Fig. 6.4 Simple coupling of a thermochemical water-splitting process and a nuclear reactor for hydrogen production. Iodine-sulfur cycle

The IS process consists of the following three chemical reactions:

I2+SO2+2H2O^2HI+H2SO4 (6.1)

The principles for the IS process are illustrated in Fig. 6.5. The so-called Bunsen reaction, Eq. (6.1), is an exothermic sulfur dioxide (SO2) gas absorbing reaction, which proceeds spontaneously in the liquid phase at 20-100°C. Gaseous sulfur dioxide reacts with iodine and water producing an aqueous solution of hydriodic acid and sulfuric acid. The two kinds of acids are separated by liquid-liquid phase separation in the presence of excess iodine. The hydrogen iodide (HI) decomposition reaction, Eq. (6.2), produces hydrogen with a low endothermic heat of reaction at 300-500°C in the gas phase. It can also be carried out in the liquid phase. The sulfuric acid (H2SO4) decomposition reaction, Eq. (6.3), is an endothermic oxygen-producing reaction, which proceeds in two stages. First, gaseous H2SO4 decomposes spontaneously into H2O and SO3 at 400-500°C and then SO3 decom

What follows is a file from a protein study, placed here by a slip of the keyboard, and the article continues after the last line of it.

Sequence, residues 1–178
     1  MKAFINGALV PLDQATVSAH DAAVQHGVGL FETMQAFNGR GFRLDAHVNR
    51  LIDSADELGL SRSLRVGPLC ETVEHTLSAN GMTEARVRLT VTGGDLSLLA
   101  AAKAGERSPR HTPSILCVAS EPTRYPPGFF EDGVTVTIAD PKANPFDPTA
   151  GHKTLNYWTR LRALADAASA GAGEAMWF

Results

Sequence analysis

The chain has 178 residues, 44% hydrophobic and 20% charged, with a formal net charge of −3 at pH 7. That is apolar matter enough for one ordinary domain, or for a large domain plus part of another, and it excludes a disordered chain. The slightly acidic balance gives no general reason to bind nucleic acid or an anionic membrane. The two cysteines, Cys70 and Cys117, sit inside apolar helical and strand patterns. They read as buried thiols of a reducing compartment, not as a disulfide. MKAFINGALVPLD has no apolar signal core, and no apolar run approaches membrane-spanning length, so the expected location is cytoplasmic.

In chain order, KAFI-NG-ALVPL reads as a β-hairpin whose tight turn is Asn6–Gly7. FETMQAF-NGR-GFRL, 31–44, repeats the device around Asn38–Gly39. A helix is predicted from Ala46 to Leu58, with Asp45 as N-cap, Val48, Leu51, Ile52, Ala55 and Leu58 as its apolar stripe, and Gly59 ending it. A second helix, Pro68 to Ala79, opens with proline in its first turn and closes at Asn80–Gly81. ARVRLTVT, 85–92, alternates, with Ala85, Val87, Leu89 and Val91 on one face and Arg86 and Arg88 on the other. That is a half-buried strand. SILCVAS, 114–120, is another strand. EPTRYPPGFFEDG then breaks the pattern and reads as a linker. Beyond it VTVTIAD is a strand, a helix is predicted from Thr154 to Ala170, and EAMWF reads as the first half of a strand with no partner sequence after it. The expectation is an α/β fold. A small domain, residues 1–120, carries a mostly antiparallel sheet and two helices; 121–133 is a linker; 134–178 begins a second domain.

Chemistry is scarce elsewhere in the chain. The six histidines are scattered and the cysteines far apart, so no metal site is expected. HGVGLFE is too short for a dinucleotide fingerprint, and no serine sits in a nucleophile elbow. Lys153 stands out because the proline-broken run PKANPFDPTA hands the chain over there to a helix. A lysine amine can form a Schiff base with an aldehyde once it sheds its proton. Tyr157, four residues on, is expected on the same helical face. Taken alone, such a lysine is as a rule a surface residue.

, poses into SO2 and O2 at about 800°C in the presence of a solid catalyst. By carrying out these three reactions sequentially, the net result is that water is decomposed into hydrogen and oxygen (Xinxin and Kaoru, 2005). ISPRA mark 9 cycle

The ISPRA Mark 9 thermochemical cycle (shown in Fig. 6.6), one of the several proposed thermochemical cycles reported in the literature, is a three-step cycle involving iron chlorides as shown below:

1. Decomposition of Fe (III) chloride: 6FeCl3 ^ 3Cl2 + 6FeCl2 (6.4)

2. Hydrolysis: 6FeCl2 + 8H2O ^2Fe3O4 + 12HCl + 2H2 (6.5)

3. Chlorination: 3Cl2 + 2Fe3O4 + 12HCl ^6FeCl3 + 6H2O + O2 (6.6)

The hydrolysis reaction is conducted at 650°C, which is the highest temperature in the cycle. The decomposition of Fe (III) chloride is conducted at 430°C and the chlorination at 150°C (Utgikar and Ward, 2006). Hybrid sulfur cycle